Executive presence is one of the hottest topics in talent development discussions today. You may hear from senior leaders that their high potentials are missing this “X factor,” though they struggle to define what it is. Instead, they say, “I know it when I see it.”
This approach is frustrating for everyone, from the high potential leader to those sponsoring their career advancement to you as the professional in charge of training and development.
We know from extensive research that technical and managerial skill is not enough to succeed at the highest levels. As leaders move ahead in their careers and face greater complexity and challenge, they must assert influence, galvanize people to take action, and execute a strategy by getting work done through others.
These qualities demonstrate readiness to take on larger leadership roles. It’s likely you notice executive presence is missing when leaders stand on a bigger stage to lead a strategic initiative, take charge of a large-scale change, or to step into a bigger enterprise role.
While coaching senior leaders and partnering with talent development in global organizations, we found a common need: a cohesive approach to developing executive presence in leaders. Many organizations default to presentation skill, an ability to command the room, or look the part, but you may feel intuitively it goes much deeper. Well, it does.
Research-based approach to executive presence
We set out to close the gap and define executive presence with a scientific model that translates this “X factor” into clear, understandable leadership qualities and actionable advice.
Through extensive research into theory and literature in management, communications, psychology, and social action theory, we developed a robust model of executive presence. We validated the model with 10 independent PhD assessment experts, built a multi-rater assessment—the Bates ExPI™—and tested it with over 100 leaders in 20 global organizations.
Three-dimensional executive presence model
The model speaks to the depth of qualities that leaders need to assert influence. These qualities fall into three dimensions: character, substance, and style. Within these dimensions are 15 distinct facets that contribute to a leader’s ability to mobilize people, inspire engagement, and ignite action.
- Character: person-based qualities leaders develop early in life that tend to build trust and foster goodwill
- Substance: cultivated qualities of mature leadership that speak to credibility, temperament, and having a vision that inspires
- Style: those more overt aspects of presence, such as the way we show up, the energy and assertiveness we bring, and the way we connect and interact with others.
Measuring executive presence
As we talked with our clients about the relevance of executive presence to training and development programs, we found a common concern.
For example, one VP of talent management for a Fortune 500 financial services company reflected, “How do you measure things like character in leaders, and address needs when it comes to qualities like humility, integrity, and concern? Aren’t these facets deep-rooted?”
As many of our clients found, without a sufficient approach to measurement, attempts to build development programs around these qualities often fell flat.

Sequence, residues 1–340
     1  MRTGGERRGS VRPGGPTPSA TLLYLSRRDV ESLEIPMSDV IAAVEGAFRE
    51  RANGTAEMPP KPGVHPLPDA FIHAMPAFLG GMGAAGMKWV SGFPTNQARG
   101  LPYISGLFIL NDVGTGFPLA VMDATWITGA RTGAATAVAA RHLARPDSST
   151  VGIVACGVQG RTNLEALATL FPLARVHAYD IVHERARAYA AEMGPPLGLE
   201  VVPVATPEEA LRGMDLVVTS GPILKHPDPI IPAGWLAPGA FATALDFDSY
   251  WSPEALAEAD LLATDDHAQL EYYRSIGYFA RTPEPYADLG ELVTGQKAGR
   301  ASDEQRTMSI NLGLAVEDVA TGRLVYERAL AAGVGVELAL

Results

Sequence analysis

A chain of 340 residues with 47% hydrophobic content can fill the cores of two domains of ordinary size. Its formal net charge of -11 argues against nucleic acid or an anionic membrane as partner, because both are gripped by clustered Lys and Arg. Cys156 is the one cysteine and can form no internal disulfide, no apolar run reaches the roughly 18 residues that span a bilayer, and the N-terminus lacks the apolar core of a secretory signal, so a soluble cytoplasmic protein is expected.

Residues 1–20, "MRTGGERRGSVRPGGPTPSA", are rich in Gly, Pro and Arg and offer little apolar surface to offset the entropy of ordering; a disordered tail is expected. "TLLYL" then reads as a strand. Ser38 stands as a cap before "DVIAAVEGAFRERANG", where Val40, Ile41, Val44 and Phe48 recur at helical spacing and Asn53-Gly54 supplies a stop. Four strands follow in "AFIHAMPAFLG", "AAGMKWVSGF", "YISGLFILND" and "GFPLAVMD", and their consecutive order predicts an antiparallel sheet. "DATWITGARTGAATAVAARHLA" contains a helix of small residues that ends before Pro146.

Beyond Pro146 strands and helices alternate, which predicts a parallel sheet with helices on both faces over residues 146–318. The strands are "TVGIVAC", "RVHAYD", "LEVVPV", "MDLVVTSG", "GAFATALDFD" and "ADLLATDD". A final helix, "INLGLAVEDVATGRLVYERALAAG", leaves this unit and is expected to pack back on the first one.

It’s important to clarify that measuring executive presence isn’t about whether the leader has these qualities. It’s about whether these qualities are showing up in the leader’s communication and interactions with key stakeholders. A tool like the ExPI measures a leader’s blind spots—the areas for improvement where there might be dissonance between the leader’s self-perception and the perception of their peers, boss, and direct reports.
Multi-rater feedback offers the leader insights into how these qualities are coming through in their day-to-day leadership. The experience is often eye opening, particularly because as leaders move up in rank and influence, fewer are willing to tell them the truth about where there might be gaps. With concrete data about their EP, leaders feel energized to take action.
Tips for developing executive presence
Beyond defining and measuring executive presence, what else can you do to continue on the trajectory and help leaders and high potentials develop it? Here are three quick strategies.
- Map it to your competency model and in performance reviews. We’ve found that the facets highlighted in our research on EP correlate nicely with the leadership competency models currently used in many organizations. By drawing connections between the two, you can reinforce the importance and applicability of EP to your organization’s culture and strategy.
- Provide business relevant context in feedback to engage leaders.It’s important to tie feedback on EP to the leader’s business context, so it establishes in their mind the practical relevance of development themes and evokes an appropriate sense of urgency to take action.
- Provide reflective learning experiences. Provide leaders and high potentials with opportunities to reflect on past leadership experiences and connect the dots with their strengths and developmental themes. Through the power of recollection, leaders embark on journeys of personal discovery that lead to clarity about what defines them. When they’re able to clarify what defines them, they can demonstrate an “executive presence” that’s authentic, unique and true.
Having a clear definition of executive presence, a way to measure it, and practical approaches to coaching and training to it are all essential steps in enabling leaders to build presence and amplify their influence. For more information on the Model of Executive Presence and ExPI, visit www.bates-communications.com/what-we-do/executive-presence-assessment.